You have a choice in this world, I believe, about how to tell sad stories, and we made the funny choice.
But I believe in true love, you know? I don’t believe that everybody gets to keep their eyes or not get sick or whatever, but everybody should have true love, and it should last at least as long as your life does.
Whenever you read a cancer booklet or website or whatever, they always list depression among the side effects of cancer. But, in fact, depression is not a side effect of cancer. Depression is a side effect of dying.
Much of my life had been devoted to trying not to cry in front of people who loved me, so I knew what Augustus was doing. You clench your teeth. You look up. You tell yourself that if they see you cry, it will hurt them, and you will be nothing but a Sadness in their lives, and you must not become a mere sadness, so you will not cry, and you say all of this to yourself while looking up at the ceiling, and then you swallow even though your throat does not want to close and you look at the person who loves you and smile.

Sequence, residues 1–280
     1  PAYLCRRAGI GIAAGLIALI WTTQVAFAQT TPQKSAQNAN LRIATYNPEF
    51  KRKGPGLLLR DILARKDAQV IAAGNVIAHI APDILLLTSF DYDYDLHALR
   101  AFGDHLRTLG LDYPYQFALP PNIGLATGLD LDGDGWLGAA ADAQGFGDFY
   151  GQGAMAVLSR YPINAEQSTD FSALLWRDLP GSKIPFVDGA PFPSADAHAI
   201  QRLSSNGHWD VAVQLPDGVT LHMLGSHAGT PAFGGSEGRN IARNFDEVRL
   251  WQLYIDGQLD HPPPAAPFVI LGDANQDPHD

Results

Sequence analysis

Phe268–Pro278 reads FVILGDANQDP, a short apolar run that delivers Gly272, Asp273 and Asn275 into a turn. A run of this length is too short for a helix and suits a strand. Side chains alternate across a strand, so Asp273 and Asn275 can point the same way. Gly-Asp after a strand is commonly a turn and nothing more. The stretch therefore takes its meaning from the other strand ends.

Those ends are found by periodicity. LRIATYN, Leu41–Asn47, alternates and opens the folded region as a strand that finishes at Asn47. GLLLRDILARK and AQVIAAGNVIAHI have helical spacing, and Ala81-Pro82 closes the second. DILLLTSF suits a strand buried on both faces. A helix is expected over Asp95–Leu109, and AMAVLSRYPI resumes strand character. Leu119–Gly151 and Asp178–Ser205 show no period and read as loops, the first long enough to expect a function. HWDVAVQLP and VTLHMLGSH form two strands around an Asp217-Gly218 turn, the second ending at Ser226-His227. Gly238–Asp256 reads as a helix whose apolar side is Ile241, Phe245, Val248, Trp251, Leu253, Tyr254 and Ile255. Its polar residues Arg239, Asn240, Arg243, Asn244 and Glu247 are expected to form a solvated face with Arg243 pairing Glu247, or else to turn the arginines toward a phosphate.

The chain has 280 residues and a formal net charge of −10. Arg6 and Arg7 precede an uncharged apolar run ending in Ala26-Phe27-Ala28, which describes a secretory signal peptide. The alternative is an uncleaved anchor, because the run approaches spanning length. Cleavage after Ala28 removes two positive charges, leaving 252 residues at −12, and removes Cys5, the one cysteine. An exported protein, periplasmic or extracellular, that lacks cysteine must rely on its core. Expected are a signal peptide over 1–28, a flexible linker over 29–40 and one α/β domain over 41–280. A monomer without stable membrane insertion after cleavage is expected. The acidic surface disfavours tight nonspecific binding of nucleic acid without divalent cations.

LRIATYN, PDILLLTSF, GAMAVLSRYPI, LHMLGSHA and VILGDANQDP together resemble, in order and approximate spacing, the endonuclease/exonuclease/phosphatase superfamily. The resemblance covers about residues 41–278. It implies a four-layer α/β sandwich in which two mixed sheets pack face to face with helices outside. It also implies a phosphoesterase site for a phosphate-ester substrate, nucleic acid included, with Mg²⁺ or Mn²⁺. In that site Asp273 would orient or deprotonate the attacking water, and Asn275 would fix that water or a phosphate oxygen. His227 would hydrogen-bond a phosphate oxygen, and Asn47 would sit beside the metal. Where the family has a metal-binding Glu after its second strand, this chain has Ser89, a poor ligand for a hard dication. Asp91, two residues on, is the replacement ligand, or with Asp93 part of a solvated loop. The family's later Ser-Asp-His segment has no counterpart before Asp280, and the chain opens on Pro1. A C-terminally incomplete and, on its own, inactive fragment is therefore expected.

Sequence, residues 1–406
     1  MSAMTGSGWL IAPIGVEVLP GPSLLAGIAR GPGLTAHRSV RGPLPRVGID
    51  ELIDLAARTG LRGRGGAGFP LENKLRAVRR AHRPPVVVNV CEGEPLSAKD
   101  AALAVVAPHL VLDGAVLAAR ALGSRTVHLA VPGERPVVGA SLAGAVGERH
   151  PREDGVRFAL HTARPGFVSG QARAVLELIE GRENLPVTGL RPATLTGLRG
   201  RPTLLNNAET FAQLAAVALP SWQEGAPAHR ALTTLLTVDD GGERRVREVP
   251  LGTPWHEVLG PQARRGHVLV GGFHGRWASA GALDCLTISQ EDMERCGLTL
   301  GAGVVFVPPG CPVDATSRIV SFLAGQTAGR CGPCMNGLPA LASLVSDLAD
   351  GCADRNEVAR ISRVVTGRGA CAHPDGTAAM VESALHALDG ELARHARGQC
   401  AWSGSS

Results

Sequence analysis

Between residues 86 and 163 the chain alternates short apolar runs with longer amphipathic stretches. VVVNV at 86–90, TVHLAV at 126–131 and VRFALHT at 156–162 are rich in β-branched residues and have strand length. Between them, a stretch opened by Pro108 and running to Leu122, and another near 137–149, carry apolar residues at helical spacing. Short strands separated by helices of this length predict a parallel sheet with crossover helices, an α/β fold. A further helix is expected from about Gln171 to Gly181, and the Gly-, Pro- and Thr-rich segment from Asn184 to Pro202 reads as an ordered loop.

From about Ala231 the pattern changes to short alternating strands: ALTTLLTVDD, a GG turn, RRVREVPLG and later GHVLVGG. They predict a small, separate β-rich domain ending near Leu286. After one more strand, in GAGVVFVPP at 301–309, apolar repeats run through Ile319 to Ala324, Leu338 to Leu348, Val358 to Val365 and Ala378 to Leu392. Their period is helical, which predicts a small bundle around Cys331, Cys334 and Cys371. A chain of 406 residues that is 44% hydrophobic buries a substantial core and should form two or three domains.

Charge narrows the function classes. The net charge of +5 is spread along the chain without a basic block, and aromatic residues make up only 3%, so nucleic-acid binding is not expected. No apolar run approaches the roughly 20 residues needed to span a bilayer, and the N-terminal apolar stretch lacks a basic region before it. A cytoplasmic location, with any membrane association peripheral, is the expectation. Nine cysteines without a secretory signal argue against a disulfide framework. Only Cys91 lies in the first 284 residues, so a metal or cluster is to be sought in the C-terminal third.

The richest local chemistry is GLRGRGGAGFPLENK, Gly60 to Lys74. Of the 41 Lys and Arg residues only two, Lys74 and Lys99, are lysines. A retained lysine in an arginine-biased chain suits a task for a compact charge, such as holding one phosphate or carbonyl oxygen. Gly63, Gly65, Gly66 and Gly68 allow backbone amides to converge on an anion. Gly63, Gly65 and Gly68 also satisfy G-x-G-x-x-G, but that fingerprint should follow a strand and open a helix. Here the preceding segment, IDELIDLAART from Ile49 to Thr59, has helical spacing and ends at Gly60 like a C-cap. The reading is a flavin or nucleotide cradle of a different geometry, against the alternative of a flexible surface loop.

It’s a metaphor, see: You put the killing thing right between your teeth, but you don’t give it the power to do its killing.
That’s part of what I like about the book in some ways. It portrays death truthfully. You die in the middle of your life, in the middle of a sentence.
I believe the universe wants to be noticed. I think the universe is inprobably biased toward the consciousness, that it rewards intelligence in part because the universe enjoys its elegance being observed. And who am I, living in the middle of history, to tell the universe that it-or my observation of it-is temporary?